Since 1957, the Ghana national football team has represented Ghana in men’s international football. The team has twenty members, including the technical crew.  The squad is known as the Black Stars after the Black Star of Africa on Ghana’s flag. It is controlled by the Ghana Football Organisation (GFA), Ghana’s regulatory body for football and Africa’s oldest football association (founded in 1920). Before 1957, the squad was known as the Gold Coast. The squad is a FIFA and CAF member.
Ghana qualified for the first time for the FIFA World Cup in 2006. The squad has won the Africa Cup of Nations four times (1963, 1965, 1978, and 1982), and has placed second five times (1968, 1970, 1992, 2010, and 2015).  After going undefeated in 2005, Ghana earned the FIFA Best Mover of the Year Award and advanced to the second round of the 2006 FIFA World Cup. They were only the third African team to reach the World Cup quarter-finals at the 2010 FIFA World Cup in South Africa, and they played in their third World Cup in a row in 2014.
It drew 3-3 with Real Madrid, the Spanish champions, past European champions, and intercontinental champions at the time, on August 19, 1962, in the Accra Sports Stadium. 
After Charles Kumi Gyamfi took over as coach in 1961, the team won consecutive African Cup of Nations championships in 1963 and 1965, including a 13-2 victory away against Kenya. It reached the tournament finals in 1968 and 1970, losing 1-0 to DR Congo and Sudan, respectively. In the 1960s, its dominance in this tournament earned it the moniker “the Black Stars of Africa.” 
It failed to qualify for three consecutive African Cup of Nations tournaments in the 1970s, but qualified for the Olympic Games football tournaments, becoming the first team from Sub-Saharan Africa to do so, reaching the quarter-finals in 1964 and withdrawing after qualifying in 1976 and 1980. It went on to win the African Cup of Nations in 1982. After three previous failures to reach the competition final, it finished second in the 1992 African Cup of Nations.
Prior to the year 2000, discord within the squad may have played a role in the team’s failure to build on the successes of the national underage teams in the 1990s, and a generation of Black Stars players who went to the 2001 FIFA World Youth Championship final became the “core” of the team at the 2002 African Cup of Nations. The Black Stars began with a 2-0 loss to eventual champions Italy, but victories over the Czech Republic (2-0) and the United States (2-1) got them to the second round, where they were defeated 3-0 by Brazil.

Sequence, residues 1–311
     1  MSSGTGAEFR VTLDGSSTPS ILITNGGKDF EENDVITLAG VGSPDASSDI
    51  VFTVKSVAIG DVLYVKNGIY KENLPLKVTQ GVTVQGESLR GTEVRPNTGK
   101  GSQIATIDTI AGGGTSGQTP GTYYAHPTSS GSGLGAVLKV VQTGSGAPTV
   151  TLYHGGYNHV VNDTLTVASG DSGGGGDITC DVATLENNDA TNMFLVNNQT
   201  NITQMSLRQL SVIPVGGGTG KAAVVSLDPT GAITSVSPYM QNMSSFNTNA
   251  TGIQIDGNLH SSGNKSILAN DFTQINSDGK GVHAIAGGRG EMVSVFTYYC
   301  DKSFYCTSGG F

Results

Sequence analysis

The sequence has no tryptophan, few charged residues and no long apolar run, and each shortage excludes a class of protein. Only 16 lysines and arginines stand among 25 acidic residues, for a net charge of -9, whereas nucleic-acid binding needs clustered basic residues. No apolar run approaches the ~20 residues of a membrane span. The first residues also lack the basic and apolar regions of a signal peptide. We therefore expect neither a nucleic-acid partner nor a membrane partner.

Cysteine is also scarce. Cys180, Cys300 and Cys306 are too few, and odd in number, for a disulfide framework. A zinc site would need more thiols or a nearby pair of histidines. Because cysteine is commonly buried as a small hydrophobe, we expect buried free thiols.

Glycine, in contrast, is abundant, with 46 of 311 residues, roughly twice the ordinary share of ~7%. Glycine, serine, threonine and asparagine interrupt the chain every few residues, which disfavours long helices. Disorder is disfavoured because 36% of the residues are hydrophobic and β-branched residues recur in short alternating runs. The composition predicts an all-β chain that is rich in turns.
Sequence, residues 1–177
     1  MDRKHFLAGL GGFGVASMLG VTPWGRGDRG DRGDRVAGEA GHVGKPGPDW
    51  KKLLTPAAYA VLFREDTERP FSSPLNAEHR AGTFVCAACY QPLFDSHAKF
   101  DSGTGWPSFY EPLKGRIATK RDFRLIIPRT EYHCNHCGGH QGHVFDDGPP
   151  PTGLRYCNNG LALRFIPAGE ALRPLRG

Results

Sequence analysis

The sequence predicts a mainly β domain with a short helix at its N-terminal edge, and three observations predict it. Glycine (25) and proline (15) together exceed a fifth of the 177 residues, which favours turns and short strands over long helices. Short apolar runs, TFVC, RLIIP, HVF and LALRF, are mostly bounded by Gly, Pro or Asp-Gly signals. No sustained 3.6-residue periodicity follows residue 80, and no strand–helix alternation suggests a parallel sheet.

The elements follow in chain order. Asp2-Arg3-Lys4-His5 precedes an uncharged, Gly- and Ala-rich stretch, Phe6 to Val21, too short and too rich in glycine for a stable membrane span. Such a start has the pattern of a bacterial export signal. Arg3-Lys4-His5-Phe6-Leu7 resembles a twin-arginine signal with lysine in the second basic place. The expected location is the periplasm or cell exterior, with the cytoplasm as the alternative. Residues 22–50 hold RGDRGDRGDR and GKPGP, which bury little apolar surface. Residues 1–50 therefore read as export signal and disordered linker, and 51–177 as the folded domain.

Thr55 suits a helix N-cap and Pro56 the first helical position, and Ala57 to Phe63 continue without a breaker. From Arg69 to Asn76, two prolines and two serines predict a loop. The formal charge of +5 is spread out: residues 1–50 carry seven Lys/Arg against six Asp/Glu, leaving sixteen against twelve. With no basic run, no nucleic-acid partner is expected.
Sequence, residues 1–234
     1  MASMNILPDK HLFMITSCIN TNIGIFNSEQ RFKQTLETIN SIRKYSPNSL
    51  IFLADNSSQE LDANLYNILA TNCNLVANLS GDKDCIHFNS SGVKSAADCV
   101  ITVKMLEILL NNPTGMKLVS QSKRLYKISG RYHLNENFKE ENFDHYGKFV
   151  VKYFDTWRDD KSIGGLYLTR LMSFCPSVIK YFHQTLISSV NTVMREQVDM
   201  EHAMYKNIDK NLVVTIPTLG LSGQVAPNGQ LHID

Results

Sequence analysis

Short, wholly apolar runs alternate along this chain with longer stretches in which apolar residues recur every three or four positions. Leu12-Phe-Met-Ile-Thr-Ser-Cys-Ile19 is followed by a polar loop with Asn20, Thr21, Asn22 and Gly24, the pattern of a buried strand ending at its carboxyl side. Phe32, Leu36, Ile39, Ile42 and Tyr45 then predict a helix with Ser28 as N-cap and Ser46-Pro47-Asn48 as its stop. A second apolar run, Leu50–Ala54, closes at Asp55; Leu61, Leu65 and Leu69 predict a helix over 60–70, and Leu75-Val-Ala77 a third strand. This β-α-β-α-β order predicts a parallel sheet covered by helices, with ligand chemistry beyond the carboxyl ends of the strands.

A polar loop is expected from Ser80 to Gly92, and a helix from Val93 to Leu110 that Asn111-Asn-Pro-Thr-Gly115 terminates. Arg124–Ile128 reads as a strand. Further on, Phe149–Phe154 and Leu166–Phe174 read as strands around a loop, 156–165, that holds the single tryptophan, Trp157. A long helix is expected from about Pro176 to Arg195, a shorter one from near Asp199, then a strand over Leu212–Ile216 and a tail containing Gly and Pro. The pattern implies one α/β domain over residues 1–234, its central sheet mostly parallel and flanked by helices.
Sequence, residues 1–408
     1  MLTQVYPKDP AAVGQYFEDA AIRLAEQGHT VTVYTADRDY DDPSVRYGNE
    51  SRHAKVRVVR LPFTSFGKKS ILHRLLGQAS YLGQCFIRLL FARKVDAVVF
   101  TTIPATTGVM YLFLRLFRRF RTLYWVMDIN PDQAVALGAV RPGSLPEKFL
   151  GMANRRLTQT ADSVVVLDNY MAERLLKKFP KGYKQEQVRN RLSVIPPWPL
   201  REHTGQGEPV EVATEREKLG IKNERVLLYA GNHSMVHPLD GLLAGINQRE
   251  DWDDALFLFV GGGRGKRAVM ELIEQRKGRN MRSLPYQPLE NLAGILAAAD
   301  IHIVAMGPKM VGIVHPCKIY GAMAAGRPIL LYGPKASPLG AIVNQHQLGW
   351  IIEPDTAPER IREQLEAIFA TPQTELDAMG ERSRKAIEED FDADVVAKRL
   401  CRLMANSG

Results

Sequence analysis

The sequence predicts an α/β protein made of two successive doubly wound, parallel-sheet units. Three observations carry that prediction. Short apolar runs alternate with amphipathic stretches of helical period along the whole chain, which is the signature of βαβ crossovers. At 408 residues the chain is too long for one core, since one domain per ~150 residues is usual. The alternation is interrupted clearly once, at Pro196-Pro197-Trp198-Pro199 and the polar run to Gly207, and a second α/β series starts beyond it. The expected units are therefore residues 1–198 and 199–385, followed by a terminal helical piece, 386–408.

Under the leadership of head coach Milovan Rajevac, the Black Stars went on to win the group and become the first African team to qualify for the 2010 FIFA World Cup.
It is in Group D with Germany, Serbia, and Australia in the final competition. It advanced to the round of 16 and faced the United States, which it defeated 2-1 in extra time to become the third African country to reach the World Cup quarterfinals. It then lost a penalty shootout to Uruguay in the quarter-finals after missing a penalty kick in extra time after what would have been the winning goal to send Ghana to the semi-finals was prevented by Luis Suárez’s handball, for which he was then shown a red card. 
It became the only African side to reach four straight semi-finals of the CAF Africa Cup of Nations twice in 2013, the first time since 1963 to 1970. 
FIFA placed it high enough for it to begin qualifying for the 2014 World Cup in the second round. It topped the group and qualified for the 2014 World Cup finals in November 2013, defeating Egypt 7-3 on aggregate in a two-leg play-off.  For the finals, it was assigned to Group G, which included Germany, Portugal, and the United States.  It finished the group stages with one draw and was the only team in the tournament not to lose to Germany.
It reached the final of the 2015 Africa Cup of Nations before losing on penalties to Ivory Coast. While their 2017 Africa Cup of Nations campaign concluded in fourth place – the third in four consecutive tournaments – in the World Cup qualifications, it finished behind Egypt and Uganda in their last group. Tunisia eliminated it in the Round of 16 in the 2019 Africa Cup of Nations.
In 2021, Rajevac was reinstated, and the squad failed to win a match at the 2022 Africa Cup of Nations, losing 2-3 to debutants the Comoros following an André Ayew red card, finishing bottom of its group and failing to advance beyond the group stage for the first time since 2006. On the away goals rule, it drew 0-0 with Nigeria and 1-1 in Nigeria to qualify for the 2022 FIFA World Cup.